Benzodiazepines “benzos” are clinically known as tranquilizers. They are also known as one of the most popularly prescribed medications in the United States.

Of course, the popularity of benzos also makes the drug one of the most abused.

Doctors prescribe benzos for anxiety, insomnia, seizures, muscle tension and to relax someone before surgery or a medical procedure.

Influencing the central nervous system, benzos relax muscles, produce sedation and reduce anxiety.

Depending upon the dosage, benzos can have a short or long duration. Short-acting benzos include:

  • Versed
  • Halcion
  • Xanax
  • Ativan
  • Long-acting benzos include:
  • Librium
  • Valium

People who abuse benzos take them without a prescription or purely for their sedating effects. Benzos street names are roofies, tranks, downers, goofballs, roach, heavenly blues, valo and stupefi.

People who abuse benzos take them regularly for the drug’s sedation abilities. Often, these abusers combine benzos with alcohol or other medications.

When taken alone, benzos rarely lead to death or serious consequences. However, as abusers of the drug tend to combine benzos with alcohol, the chances of an overdose rise exponentially.

Some research has also linked chronic benzo use with a higher risk for Alzheimer’s Disease.


Addiction to any drug is unhealthy, even if that drug on its own is rarely lethal. By this point, curtailing your benzo use may have crossed your mind.

Benzo withdrawal help is readily available from accredited rehabilitation centers which can assemble a custom-tailored program to help you battle your addiction.

Benzo withdrawal help is used to combat the following symptoms:

  • Sleep disturbance
  • Irritability
  • Increased tension
  • Anxiety
  • Panic attacks
  • Trembling hands
  • Excessive sweating
  • Difficulty concentrating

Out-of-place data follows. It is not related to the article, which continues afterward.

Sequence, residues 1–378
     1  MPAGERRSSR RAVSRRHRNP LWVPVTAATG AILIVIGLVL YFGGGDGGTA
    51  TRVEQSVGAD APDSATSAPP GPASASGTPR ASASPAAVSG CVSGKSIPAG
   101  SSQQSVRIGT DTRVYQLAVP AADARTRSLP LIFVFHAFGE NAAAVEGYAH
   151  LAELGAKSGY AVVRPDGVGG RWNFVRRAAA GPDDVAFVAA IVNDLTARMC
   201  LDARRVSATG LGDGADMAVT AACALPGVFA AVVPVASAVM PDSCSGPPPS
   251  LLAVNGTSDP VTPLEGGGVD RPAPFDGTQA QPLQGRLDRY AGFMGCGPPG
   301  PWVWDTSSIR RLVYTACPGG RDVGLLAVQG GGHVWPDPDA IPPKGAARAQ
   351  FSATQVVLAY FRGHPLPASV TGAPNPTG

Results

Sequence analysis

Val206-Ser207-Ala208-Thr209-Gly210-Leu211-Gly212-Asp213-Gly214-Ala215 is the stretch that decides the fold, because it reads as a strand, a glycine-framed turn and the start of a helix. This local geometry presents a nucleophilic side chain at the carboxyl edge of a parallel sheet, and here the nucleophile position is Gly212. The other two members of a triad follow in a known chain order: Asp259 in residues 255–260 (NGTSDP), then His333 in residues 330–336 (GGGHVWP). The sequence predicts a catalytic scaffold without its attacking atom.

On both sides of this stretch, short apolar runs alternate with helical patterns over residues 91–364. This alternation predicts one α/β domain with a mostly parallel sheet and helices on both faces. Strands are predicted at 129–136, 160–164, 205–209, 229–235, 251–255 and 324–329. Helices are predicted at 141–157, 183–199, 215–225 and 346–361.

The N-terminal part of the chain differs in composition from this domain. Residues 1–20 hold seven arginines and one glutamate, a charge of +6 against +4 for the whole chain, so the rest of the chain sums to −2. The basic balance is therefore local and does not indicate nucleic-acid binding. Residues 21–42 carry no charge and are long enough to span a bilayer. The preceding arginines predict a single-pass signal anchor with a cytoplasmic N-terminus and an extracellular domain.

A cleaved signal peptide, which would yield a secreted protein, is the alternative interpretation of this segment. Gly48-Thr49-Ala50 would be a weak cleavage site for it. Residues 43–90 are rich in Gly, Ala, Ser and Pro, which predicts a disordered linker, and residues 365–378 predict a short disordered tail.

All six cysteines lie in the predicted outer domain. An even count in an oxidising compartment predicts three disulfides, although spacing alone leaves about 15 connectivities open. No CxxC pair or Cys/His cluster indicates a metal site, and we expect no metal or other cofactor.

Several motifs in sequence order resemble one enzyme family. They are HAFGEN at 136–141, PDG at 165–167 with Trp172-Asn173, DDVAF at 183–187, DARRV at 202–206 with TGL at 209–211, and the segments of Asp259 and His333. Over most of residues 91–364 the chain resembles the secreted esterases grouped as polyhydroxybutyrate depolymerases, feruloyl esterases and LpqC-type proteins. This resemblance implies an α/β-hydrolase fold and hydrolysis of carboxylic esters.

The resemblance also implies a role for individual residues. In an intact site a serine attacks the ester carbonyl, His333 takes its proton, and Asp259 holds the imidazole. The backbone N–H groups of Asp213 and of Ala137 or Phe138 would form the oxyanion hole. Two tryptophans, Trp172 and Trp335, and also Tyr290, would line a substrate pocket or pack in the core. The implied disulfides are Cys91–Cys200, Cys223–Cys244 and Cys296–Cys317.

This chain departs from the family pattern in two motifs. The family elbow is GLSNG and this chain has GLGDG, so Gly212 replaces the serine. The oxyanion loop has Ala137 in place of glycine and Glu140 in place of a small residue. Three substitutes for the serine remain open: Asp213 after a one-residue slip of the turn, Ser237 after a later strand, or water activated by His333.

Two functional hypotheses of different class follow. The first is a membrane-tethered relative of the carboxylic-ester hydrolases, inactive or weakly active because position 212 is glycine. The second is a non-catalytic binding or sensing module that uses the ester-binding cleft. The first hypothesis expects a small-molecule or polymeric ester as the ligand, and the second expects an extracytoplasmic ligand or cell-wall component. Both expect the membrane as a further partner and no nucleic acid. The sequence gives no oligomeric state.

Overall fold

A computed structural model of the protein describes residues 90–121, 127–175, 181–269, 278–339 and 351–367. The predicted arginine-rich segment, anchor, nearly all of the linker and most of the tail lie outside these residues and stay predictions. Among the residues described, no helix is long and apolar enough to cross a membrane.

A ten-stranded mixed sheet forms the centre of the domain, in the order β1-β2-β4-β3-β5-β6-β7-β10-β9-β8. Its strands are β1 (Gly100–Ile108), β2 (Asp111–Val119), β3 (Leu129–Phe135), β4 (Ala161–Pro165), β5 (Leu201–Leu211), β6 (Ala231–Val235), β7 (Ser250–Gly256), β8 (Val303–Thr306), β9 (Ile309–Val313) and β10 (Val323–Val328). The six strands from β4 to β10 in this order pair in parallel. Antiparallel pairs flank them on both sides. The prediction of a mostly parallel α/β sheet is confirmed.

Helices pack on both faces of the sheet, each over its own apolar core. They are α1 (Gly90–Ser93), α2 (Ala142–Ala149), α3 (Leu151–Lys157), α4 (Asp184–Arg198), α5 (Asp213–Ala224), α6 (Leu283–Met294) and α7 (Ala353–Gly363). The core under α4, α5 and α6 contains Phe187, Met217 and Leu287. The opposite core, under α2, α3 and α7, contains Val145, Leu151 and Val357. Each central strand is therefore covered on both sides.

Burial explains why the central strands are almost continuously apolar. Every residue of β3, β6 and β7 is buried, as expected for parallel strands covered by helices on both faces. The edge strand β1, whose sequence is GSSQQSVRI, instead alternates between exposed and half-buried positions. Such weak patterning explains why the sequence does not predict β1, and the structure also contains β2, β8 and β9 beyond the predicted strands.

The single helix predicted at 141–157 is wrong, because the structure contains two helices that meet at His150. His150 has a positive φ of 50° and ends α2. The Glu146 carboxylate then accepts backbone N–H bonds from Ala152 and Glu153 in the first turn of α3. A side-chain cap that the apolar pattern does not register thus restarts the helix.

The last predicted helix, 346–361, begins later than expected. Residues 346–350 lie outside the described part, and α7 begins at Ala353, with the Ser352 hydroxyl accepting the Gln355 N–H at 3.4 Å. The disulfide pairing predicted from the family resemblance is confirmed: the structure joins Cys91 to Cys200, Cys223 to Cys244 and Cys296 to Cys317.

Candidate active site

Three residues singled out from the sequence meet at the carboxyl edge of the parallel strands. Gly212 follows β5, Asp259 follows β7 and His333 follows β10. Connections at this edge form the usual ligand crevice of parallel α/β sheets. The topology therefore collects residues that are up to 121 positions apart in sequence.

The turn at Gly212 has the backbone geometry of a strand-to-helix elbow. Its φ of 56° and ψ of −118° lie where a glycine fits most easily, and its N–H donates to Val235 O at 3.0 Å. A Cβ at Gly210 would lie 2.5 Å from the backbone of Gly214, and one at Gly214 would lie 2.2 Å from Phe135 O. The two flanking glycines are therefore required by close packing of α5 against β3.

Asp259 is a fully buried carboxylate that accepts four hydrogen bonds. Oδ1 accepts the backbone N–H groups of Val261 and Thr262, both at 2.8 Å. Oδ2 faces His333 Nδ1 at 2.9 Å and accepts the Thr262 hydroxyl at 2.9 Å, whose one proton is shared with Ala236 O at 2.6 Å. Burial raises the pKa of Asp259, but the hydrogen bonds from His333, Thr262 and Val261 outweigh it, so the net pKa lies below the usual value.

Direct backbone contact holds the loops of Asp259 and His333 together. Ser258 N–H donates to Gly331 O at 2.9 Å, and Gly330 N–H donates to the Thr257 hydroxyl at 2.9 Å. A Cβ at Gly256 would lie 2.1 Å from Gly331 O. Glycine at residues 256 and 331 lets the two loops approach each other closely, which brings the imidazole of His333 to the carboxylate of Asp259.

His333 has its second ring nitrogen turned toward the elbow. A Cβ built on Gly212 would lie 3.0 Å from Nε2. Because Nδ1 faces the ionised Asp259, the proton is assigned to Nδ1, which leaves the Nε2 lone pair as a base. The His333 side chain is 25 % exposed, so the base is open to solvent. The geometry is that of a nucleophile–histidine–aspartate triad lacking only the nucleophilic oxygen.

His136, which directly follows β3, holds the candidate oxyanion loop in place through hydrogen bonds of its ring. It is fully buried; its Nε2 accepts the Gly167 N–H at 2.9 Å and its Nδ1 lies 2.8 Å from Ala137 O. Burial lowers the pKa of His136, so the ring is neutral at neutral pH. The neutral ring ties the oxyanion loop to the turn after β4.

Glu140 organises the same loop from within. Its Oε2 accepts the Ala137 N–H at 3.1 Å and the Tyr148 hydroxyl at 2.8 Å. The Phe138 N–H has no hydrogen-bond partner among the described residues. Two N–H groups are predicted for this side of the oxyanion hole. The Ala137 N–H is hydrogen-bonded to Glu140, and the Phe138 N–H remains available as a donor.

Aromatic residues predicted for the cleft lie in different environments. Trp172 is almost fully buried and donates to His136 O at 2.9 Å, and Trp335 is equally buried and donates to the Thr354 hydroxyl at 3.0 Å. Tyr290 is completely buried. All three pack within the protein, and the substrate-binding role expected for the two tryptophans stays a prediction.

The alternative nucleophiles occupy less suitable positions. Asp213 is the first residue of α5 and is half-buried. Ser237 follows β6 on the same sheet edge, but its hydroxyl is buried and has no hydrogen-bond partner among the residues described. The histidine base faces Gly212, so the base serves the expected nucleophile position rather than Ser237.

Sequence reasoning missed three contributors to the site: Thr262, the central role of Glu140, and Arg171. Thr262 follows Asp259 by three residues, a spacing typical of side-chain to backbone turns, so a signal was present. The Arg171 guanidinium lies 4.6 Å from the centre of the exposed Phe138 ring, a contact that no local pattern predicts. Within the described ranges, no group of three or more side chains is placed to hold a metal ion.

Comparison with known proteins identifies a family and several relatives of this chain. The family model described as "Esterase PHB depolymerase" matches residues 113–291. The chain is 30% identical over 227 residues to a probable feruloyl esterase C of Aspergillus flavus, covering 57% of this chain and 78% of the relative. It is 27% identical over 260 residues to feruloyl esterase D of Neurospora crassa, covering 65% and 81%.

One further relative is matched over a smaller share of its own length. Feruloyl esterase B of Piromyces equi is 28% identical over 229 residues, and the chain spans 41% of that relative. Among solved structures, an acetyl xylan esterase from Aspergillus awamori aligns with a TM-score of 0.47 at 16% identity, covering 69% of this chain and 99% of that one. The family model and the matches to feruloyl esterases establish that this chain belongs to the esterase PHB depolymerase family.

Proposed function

• Confusion
  • Cognitive difficulty
  • Memory problems
  • Dry retching
  • Nausea
  • Weight loss
  • Heart palpitations
  • Headache
  • Muscularpain

Benzo withdrawal help often includes a specialized process that is applied to you in response to how long you’ve been on benzos. This is because the withdrawal symptoms can be very intense.

Usually, it is recommended that benzo abusers taper off the drug with lessened doses. It is never recommended that benzo addicts quit the drug cold turkey.


Benzos take a very long time to withdrawal from. In more extreme cases, the benzo withdrawal timeline can last months, even years. This means that the acute benzo withdrawal timeline, which is the initial state of withdrawal, can last as much as 90 days, with lingering side effects occurring for up to two years.

The long benzo withdrawal timeline, along with the painful side effects, can translate into an extended inpatient stay with a rehabilitation center. The process of treatment to combat the extended timeline and discomfort can include a gradual tapering of benzo use.

Another consideration regarding the benzo withdrawal timeline is the types of food one eats.

Food with artificial sugars and additives, honey and monosodium glutamate (MSG) can intensify the withdrawal symptoms. Alcohol and caffeine can also extend the benzo withdrawal timeline.


Lately, medical and addiction experts have found gabapentin to be an effective treatment to ease the withdrawal symptoms of benzodiazepines.

In fact, gabapentin has become a common treatment for patients who are well enough to recover outside of a rehabilitation center.

The process for most patients is to decrease their benzodiazepine use while maintaining a continual level of gabapentin use.

While it’s clear with gabapentin that the patient is effectively swapping one drug for another, gabapentin is not nearly as addictive as benzodiazepine. And its withdrawal symptoms are less intense and shorter than that of benzodiazepine.

Once called “Mother’s little helper” in the 1960s, benzos tranquilizing power has been popular for decades. Unfortunately, benzos’ addictive powers are also well known – and difficult to overcome.

Seek out a reputable rehabilitation center that can assist you with a customized program to help you live a life that is benzo free.

If you or a loved one have an addiction issue with benzodiazepines, contact BLVD Treatment Centers. At BLVD Treatment Centers, we custom tailor our recovery programs with the safe and nurturing confines of our rehab treatment centers. Located throughout California in Los Angeles, Orange County, San Diego and in Portland, OR, our mission is to assess the severity of your addiction, and help you achieve true recovery. Call us now at 1-866.582.9844.

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